So that story goes with these pictures that I took this weekend.  To take a break from the three weeks that I had already spent on road and gear up for this week here in Saudi Arabia (which is a fascinating place that I will write about next week), I spent the weekend at a fancy little beach resort just south of Dar.  Sea turtles nest on the grounds, and while I was there one group hatched and made their way down to the waves and whatever life had in store for it.  I of course was there with a 200mm zoom to document the moment.  See below.

And on a sad note, this post is dedicated to Hilary Stevens.  She was one of the intrepid volunteers that made their way to Benin with me on this trip mentioned above.  She sadly lost her older brother, Ambassador Christopher Stevens, in Libya last week.  My heartfelt condolences to her and her family.

Tuesday, September 11, 2012

Shark Week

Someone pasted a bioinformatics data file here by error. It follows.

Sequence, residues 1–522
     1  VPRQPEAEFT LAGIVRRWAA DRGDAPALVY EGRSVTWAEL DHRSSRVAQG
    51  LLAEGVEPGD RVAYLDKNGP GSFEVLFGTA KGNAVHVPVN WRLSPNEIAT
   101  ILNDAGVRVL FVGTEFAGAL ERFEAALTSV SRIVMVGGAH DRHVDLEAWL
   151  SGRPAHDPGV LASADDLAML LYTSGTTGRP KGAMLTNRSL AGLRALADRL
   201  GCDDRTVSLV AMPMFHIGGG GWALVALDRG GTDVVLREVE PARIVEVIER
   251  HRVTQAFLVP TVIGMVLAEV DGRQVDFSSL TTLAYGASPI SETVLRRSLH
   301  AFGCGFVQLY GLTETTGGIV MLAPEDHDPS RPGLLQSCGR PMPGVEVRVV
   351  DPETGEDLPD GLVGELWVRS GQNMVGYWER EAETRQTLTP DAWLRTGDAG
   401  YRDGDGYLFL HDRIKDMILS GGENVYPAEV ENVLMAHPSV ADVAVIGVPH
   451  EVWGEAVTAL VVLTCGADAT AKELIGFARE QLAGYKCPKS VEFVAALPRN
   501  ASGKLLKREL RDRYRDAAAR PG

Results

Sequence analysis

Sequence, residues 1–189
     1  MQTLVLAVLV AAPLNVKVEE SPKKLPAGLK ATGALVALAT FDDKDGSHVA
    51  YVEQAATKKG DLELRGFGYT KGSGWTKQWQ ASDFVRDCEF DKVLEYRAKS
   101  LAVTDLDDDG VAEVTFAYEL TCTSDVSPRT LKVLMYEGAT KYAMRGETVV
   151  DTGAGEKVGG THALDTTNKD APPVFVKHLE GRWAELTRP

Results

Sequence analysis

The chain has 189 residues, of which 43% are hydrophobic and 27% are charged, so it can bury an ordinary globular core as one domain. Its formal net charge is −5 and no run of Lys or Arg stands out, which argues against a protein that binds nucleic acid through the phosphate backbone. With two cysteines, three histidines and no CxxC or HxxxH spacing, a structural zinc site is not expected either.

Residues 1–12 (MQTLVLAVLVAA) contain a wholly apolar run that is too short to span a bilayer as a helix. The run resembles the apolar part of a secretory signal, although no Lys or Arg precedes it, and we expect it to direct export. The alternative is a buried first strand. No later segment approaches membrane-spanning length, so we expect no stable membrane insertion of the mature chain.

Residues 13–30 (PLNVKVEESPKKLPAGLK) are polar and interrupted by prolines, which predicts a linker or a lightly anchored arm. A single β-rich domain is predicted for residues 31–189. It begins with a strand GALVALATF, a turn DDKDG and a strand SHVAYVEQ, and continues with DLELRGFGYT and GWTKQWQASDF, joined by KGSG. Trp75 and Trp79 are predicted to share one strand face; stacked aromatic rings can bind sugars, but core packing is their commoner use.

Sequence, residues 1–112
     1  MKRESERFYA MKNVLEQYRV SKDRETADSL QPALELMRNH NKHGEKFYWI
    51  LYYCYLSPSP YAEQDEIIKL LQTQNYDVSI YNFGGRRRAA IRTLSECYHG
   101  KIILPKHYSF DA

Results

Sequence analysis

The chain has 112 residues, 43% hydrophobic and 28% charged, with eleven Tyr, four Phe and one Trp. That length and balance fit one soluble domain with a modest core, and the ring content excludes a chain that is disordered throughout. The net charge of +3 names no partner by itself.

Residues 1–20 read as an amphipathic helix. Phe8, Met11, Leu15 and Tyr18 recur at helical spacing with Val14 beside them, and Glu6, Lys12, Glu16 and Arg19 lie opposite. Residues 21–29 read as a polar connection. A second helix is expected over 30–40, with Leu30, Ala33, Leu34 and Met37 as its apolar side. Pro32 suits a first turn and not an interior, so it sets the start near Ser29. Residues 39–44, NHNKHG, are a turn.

I was really hoping for pictures for this post.  (I have been waiting in vain hope for the last two weeks that one of my new friends from the liveaboard dive trip to share pictures, but alas.  I would have pictures myself but I learned the hard way about the dangers of submerging underwater cameras in salt water.  Note that I did this on the beach of course.)  So really by rights I shouldn’t have bothered to post this, as no one is really interested in someone else’s drinking, diving, and carrying-on stories if there aren’t a few photos to go with it – but unfortunately for all over you I have a joke that I really want to use at the start of an anxiously anticipated next blog post in two weeks – so you have to deal with this.  In summary, there were lots of sharks, a fair number of Caribbean lobster, lion fish, some really bad-ass deep water swim-throughs, and one exquisite spotted eagle ray.  Other things that I learned of note living with 24 strangers on a 69 foot sailboat in the outer islands of the Bahamas – that I am not very good at Texas-two-stepping, that the ritual of marine toilets grows old quickly, that the best place to get both get some sun and see the stars is lounging on the lifeboat, the safest way to prevent guests from tumbling down the mess ladder is by installing a tap on deck (though this is counterproductive when it comes to the sleeping quarters ladders), white sand beaches are always beautiful, iguanas cannot distinguish between grapes and purple-painted toe nails and much hilarity (for others) ensues, and the best way to cook raccoon is in a crock pot.